Our range of voters also is wide—from the just-turned-18 to a frail elderly woman whose grandson wheeled her up the elevator and into the voting area to cast her ballot one more time. She was born in 1920, the year that women in the U.S. first obtained the right to vote in national elections.  We see office workers on their lunch hours, professors eager to encourage their students to vote, students puzzled about voting procedures, custodians, construction workers, and others whose dress and demeanor defy easy labeling. 

It would be unrealistic to believe that our democracy is in great shape. Being subjected to predictably inflammatory tweets, predictably bloody lead news stories, and predictably negative campaign advertising can be discouraging. Whatever the outcome of this current voting cycle, we will have lots of work to do to help heal some of the breaches in our social fabric, whether we are citizens or elected officials. Yet I’m encouraged by the civility of the voters and polling officials in the small corner of the electorate where I work. Many people DO show up to vote, over a million so far in North Carolina. They wait in line, sometimes chatting with each other. They’re glad to get their ballots and to make their opinions known.  Perhaps if we pay more attention to what’s going well, we may be in a better position to help alleviate what’s not.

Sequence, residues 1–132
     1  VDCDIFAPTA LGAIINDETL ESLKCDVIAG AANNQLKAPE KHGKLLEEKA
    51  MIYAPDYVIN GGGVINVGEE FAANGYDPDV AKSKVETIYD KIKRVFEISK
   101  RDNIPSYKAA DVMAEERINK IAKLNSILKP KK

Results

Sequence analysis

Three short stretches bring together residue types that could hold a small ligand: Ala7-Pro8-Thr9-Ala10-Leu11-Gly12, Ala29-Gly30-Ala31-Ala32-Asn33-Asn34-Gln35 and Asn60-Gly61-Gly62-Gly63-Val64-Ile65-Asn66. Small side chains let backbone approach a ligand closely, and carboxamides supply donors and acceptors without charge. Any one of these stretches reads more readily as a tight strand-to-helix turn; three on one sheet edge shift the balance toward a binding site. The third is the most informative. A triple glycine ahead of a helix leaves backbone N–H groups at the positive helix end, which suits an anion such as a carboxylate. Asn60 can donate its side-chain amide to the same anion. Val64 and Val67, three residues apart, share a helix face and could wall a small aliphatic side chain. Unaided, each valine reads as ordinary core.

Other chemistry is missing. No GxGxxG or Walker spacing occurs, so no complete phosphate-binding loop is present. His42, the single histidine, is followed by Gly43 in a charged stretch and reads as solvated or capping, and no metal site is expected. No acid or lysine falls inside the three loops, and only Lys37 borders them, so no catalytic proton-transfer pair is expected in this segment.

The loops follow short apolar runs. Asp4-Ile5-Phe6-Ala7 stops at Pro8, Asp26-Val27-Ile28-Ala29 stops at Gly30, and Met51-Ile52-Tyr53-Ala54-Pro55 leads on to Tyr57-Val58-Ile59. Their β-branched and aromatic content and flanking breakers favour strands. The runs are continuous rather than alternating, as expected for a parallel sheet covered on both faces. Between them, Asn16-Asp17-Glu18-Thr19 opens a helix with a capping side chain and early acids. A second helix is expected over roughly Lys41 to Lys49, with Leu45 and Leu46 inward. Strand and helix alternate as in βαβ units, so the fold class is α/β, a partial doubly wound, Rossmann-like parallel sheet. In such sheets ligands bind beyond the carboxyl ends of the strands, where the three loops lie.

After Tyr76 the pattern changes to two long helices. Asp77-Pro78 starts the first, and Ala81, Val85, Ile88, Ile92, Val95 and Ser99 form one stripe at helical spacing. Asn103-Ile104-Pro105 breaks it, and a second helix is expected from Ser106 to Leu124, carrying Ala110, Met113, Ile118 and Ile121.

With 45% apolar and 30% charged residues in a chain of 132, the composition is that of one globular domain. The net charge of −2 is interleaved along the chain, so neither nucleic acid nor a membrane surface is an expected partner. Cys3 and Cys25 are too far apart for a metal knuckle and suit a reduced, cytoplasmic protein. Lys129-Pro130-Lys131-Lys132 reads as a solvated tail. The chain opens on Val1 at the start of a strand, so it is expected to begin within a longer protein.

Vignettes of 2016 Voting in Central NC, Part 3

Vignettes of 2016 Voting in Central North Carolina, Third Installment                                   —by Jinny Batterson

After an exhausting week, our early voting team processed our final voter at about 4:30 on Saturday afternoon. Polls officially closed at 1 p.m., but anyone in line then was entitled to cast a ballot. With each successive day of the week, lines got longer—on Monday and Tuesday, we were generally able to keep the wait time to an hour or less. On Saturday morning, before we even opened at 9, the line snaked around the edges of the parking lot and spilled over into a nearby field, requiring more crowd control chains to keep it at least partly organized. Many voters waited for two hours or more.